Assessing the potential impact of the EU's 'Green Deal'

Tue 21 Jan 2020
Posted by: William Barns-Graham

green new deal

With International Customs Day on Sunday 27 January this year focusing on the role of Customs and trade in ‘fostering Sustainability for People, Prosperity and the Planet’, the unveiling of the EU’s new ‘Green Deal’ could be particularly pertinent moment.

Ahead of a free-to-attend ‘Breakfast Meeting’ he’s hosting to discuss the future role of Customs in ensuring environmental sustainability in global trade, our Vice President, Arne Mielken, discusses the potential implications of the EU’s new plans.

"The transformation ahead of us is unprecedented” - Ursula von der Leyen, President of the European Commission.

On 14 January 2020, the EU unveiled its financial plan for moving to a green economy and making the EU climate neutral.

While the Green Deal is aiming to achieve carbon neutrality in the European Union by 2050, the EU also recently increased its emissions reductions target for 2030 to between 50% and 55% compared with 1990 levels.

The European Green Deal covers all sectors of the economy including transport, energy, agriculture, and construction, and key industries such as steel, cement, ICT, textiles and chemicals.

To set into legislation the political ambition of becoming the world's first climate neutral continent by 2050, the Commission will present, within 100 days, the first ‘European Climate Law'.

To reach the climate and environmental ambition, the Commission will also present its Biodiversity Strategy for 2030, a new Industrial Strategy a Circular Economy Action Plan, the ‘Farm to Fork’ Strategy for sustainable food and proposals for a pollution-free Europe.

Work will immediately begin towards improving Europe's 2030 emissions targets, setting a realistic path to the 2050 goal.

Here are some noteworthy elements of recent communication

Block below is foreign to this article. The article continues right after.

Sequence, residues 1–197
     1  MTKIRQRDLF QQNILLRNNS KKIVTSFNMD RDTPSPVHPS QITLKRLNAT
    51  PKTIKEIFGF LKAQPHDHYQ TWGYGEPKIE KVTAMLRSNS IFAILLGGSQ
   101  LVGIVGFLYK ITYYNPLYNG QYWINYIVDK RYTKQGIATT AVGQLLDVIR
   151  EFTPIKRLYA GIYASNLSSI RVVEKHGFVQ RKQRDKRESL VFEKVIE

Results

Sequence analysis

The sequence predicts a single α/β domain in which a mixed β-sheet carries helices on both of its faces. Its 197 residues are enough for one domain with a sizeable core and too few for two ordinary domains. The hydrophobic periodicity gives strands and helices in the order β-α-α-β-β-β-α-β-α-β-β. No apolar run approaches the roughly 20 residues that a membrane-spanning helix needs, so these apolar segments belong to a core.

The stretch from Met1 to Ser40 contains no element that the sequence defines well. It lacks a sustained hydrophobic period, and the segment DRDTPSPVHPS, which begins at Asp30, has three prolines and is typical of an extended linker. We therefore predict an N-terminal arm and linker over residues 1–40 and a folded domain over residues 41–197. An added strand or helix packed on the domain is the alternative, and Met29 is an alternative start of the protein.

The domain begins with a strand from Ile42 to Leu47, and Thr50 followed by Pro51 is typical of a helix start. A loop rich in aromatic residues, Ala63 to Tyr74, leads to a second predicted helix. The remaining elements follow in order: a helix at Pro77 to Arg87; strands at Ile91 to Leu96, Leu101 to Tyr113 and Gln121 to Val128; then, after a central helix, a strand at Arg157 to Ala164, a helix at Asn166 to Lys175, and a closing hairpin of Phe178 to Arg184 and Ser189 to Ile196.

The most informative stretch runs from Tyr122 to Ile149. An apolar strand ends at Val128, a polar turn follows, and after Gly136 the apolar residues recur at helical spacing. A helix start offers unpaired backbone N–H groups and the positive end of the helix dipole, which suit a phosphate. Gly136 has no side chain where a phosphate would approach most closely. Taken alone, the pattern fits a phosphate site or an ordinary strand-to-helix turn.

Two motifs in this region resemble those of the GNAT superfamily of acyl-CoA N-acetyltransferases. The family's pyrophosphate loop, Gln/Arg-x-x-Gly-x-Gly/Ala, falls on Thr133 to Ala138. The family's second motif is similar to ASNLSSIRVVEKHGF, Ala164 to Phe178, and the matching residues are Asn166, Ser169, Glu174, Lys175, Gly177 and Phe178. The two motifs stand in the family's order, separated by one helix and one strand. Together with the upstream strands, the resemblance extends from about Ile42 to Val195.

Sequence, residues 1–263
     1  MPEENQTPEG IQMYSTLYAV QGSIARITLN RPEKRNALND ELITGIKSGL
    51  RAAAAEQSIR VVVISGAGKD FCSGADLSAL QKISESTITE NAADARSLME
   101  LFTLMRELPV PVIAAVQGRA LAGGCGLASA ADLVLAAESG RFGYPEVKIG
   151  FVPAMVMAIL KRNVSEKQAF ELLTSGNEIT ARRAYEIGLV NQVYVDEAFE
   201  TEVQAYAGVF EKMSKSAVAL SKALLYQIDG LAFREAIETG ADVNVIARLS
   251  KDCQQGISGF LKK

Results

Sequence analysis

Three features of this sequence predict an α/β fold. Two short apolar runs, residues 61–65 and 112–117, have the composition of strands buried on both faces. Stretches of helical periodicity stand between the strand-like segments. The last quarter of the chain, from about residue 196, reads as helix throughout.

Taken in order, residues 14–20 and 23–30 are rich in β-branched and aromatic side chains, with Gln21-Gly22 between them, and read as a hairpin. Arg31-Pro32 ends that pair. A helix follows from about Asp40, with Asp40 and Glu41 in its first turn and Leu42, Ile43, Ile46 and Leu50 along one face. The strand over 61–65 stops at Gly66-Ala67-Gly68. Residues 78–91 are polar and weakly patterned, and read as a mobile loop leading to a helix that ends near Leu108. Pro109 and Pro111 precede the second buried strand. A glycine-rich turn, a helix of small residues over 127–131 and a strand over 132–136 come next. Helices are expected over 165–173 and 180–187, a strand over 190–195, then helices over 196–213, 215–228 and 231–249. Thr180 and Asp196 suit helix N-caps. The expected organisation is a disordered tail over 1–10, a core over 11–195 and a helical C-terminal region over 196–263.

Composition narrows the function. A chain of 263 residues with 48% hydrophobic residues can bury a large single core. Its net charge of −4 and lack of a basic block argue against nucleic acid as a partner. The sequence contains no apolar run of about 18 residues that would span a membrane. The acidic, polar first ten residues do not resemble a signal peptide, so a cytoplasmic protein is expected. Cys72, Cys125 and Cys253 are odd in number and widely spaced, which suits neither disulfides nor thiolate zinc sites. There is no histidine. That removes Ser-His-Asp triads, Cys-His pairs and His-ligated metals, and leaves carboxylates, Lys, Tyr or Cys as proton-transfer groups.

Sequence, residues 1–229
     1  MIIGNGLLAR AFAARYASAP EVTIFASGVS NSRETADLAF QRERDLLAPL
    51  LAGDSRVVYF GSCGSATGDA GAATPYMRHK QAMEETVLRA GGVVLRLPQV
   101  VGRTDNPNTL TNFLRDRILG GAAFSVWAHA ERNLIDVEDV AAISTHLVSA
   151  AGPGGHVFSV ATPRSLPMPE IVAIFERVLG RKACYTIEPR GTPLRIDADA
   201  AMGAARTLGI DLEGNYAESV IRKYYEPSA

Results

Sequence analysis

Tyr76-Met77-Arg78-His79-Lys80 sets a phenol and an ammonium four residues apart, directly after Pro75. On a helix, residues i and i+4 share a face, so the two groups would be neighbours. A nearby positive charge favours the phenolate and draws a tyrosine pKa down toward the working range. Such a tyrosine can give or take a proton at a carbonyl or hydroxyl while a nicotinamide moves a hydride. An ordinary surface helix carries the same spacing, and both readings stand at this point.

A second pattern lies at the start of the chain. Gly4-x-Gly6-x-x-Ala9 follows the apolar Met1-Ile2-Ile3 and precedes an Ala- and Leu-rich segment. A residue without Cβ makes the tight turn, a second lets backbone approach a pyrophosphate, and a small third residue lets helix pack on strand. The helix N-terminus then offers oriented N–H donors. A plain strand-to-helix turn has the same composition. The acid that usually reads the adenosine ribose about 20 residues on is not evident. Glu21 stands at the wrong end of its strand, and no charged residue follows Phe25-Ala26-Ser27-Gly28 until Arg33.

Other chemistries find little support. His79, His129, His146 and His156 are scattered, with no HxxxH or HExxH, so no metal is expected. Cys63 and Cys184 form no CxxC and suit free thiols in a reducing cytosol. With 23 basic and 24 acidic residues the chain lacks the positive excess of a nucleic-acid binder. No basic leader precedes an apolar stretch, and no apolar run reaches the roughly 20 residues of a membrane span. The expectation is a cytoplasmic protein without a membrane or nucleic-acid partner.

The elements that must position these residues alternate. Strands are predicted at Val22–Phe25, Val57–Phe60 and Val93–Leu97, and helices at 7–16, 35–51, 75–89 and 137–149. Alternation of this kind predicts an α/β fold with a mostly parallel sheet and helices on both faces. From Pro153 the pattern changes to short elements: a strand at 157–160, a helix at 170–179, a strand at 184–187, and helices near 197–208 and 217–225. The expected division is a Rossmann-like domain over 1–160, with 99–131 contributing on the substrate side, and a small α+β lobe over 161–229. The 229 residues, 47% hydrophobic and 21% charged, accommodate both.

A carbon border adjustment mechanism

Should differences in levels of ambition worldwide persist, as the EU increases its climate ambition, the Commission will propose a carbon border adjustment mechanism, for selected sectors, to reduce the risk of carbon leakage.

This would ensure that the price of imports reflect more accurately their carbon content. This measure will be designed to comply with World Trade Organization rules and the other international obligations that the EU has.

It would be an alternative to the measures that currently address risks of carbon leakage in the EU’s Emissions Trading System and has been announced for implementation in 2021.

EU trade policy & the ‘Green Deal’

Trade policy will support the EU’s ecological transition. It will serve as a platform for engaging with trade partners on climate and environmental action.

Commitments to sustainability have been continuously strengthened in EU trade agreements, in particular with regard to enhancing climate change action.

Chief Enforcement Officer

The Commission has also been stepping up efforts to implement and enforce the sustainable development commitments enshrined in EU trade agreements, and these efforts will be further enhanced with the appointment of a Chief Trade Enforcement Officer.

The Paris agreement will become an essential element of future comprehensive trade agreements

On climate change more specifically, the EU’s most recent agreements all include a binding commitment for all parties to ratify and effectively implement the Paris Agreement.

The Commission will propose to make fulfilling the Paris agreement an essential element for all future comprehensive trade agreements.  

Full compliance

All chemicals, materials, food and other products that are traded within the European market must fully comply with relevant EU regulations and standards.

Interested in this article?

If you’re interested in the topics discussed in this article, why not discuss them with the author at a free-to-attend breakfast meeting in London on Monday 27 January?

The breakfast meeting will discuss the theme of sustainability in global trade, with Arne delivering a presentation titled ‘Carbon Border Tax, the new Customs Duty?’

More information:

Further reading

Press Release:



What is Carbon leakage?

This post was originally posted on ‘Customs Manager – A global community of empowered customs managers’, where Arne regularly blogs about important developments in global trade.